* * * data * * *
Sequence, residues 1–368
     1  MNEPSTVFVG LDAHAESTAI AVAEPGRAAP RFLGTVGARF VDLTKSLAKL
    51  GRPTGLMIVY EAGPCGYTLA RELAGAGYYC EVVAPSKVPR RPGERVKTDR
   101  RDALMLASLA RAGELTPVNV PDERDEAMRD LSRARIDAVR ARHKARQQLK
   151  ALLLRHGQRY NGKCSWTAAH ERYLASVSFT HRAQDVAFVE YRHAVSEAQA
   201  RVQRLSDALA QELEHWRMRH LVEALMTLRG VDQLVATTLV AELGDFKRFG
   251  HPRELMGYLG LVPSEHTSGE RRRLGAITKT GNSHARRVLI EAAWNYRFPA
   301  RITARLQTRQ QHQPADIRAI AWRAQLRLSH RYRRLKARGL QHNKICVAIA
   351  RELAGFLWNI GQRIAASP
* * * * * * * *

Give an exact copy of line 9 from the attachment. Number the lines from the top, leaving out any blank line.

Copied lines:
   351  RELAGFLWNI GQRIAASP